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ANTHRAX's Charlie Benante Says He's "Tired" of Not Being Credited As Creator of The Blast Beat

Posted by on June 21, 2020 at 12:21 pm

Photo: Bob Forte



In a recently posted interview with Drumtalk (the interview was actually conducted last year, but just being posted on Youtube), Anthrax drummer Charlie Benante made the claim that he was the first to use a blast beat during his time playing with S.O.D., aka Stormtroopers of Death, namely on the track "Milk."

Here is the quote in full, as pulled by Blabbermouth:

“There’s this style of beat called ‘blast beat,’ and I will say that the first time ever that type of beat was recorded and played on a record was on this S.O.D. [Stormtroopers of Death] record that we did in 1985. And I’m tired of people not crediting that that was the first time. And, of course, people perfected it and play it way better, but that was the first time that a blast beat was on record. If you can prove me wrong, prove me wrong, but I believe that that was the first time. And, like I said, other people have mastered it and done it way better, and I never took it any further — that was it. It fit in that song ‘Milk’. Like, when we would play it live, the more I played it, the more I started to develop a different way of playing it. Because I would always play it with a single kick drum, and I would either reverse it, which I think Paul [Mazurkiewicz] from Cannibal Corpse played more of that style of blast beat. I would play it either with the ride or I would play it with the hat, reversing it. When S.O.D. would play more and more shows, I would always develop it and not just do a single kick — I would throw in a double. And then I discovered that some of the black metal bands, later on, were doing it [slightly differently]. So it was being developed even more. And then when I heard the Dimmu Borgir record Puritanical Euphoric Misanthropia, Nick Barker’s drumming on that record was, to me, one of those moments where another door opened and he took the blast beat style to a whole other level.”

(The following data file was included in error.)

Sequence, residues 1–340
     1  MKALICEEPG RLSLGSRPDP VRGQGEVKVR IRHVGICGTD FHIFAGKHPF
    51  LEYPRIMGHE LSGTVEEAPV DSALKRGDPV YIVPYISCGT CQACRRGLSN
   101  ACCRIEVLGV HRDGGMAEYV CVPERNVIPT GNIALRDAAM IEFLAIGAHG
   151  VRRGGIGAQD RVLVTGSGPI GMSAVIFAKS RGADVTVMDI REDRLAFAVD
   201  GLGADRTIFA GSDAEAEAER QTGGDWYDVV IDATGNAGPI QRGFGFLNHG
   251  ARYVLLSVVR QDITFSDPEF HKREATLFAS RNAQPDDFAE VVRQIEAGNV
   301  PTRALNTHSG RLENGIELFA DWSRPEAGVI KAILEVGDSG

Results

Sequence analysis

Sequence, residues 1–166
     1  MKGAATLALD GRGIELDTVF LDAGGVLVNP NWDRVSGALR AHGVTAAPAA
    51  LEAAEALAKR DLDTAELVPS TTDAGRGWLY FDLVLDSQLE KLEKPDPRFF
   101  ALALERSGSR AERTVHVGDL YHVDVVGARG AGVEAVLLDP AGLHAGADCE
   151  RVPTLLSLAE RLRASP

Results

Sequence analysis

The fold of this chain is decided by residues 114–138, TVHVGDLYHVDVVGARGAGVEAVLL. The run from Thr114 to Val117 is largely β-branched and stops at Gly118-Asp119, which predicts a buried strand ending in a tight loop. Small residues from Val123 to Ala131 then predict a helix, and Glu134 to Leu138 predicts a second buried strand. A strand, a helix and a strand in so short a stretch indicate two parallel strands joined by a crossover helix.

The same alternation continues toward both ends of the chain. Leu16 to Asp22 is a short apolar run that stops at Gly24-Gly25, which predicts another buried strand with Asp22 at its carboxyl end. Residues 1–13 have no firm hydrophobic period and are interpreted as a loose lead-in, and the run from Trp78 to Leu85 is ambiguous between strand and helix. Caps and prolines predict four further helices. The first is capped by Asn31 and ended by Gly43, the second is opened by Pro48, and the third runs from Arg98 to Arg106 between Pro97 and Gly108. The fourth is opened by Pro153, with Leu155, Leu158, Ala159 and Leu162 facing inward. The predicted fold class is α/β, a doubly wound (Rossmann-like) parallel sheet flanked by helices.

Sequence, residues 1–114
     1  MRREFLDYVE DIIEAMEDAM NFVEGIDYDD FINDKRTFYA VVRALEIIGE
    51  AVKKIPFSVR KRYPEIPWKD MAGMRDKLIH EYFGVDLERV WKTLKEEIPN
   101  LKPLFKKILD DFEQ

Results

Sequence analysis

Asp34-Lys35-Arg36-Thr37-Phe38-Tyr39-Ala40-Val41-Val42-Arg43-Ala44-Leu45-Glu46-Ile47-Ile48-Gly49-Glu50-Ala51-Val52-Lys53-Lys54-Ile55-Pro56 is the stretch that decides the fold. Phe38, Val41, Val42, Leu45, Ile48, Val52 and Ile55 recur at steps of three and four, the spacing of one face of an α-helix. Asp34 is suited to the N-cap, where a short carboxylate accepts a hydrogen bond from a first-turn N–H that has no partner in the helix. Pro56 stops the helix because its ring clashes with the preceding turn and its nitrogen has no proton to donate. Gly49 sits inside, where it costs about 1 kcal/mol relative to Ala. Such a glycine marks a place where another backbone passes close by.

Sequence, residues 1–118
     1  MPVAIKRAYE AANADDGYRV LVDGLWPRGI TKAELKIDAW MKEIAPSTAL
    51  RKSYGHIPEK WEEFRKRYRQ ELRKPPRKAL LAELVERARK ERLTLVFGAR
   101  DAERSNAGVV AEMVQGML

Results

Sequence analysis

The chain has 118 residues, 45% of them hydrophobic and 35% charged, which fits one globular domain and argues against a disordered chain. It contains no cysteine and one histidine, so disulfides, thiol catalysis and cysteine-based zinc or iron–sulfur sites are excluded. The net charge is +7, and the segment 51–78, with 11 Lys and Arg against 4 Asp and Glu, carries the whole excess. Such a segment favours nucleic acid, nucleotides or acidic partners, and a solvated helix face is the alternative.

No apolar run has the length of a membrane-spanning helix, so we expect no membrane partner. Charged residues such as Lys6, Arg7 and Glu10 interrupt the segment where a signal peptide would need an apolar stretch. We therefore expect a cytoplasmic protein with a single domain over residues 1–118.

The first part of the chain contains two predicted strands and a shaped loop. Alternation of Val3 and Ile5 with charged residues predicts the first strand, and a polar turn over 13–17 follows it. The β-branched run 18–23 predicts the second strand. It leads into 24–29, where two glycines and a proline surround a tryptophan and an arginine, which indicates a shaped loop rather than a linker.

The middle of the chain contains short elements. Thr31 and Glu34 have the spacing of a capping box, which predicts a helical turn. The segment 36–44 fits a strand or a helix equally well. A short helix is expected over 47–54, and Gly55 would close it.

He later added “I remember when that song came out, ‘Milk,’ with the blast beat in it, and many people were saying, ‘What are you doing here? What are you doing?’ And there was a part of me that was, like, ‘I can’t really tell you what I’m doing.’ [Laughs] When we would play it, I would always see people watching me play it. And S.O.D. didn’t play many shows, of course, but when we did play, we played the whole record. And it was never at the same speed that the record was recorded — it was live and it was just fast, so it was always moving forward.”

The debate about the inventor of the blast beat has one that has gone on for decades in the metal world. Metal Injection's Frank Godla, a drummer himself, did a deep dive into the first blast beats in an article on this site a few years ago.

While many credit former Napalm Death drummer Mick Harris as the first person to perform the signature drum sound, while Frank was able to point to an earlier song, by a Billy Joel side project named Atilla (not the scene band of today) for performing the first "bomb blast."

When the story came out, Benante seemed to immediately walk back his statement, calling it click bait:

 

 

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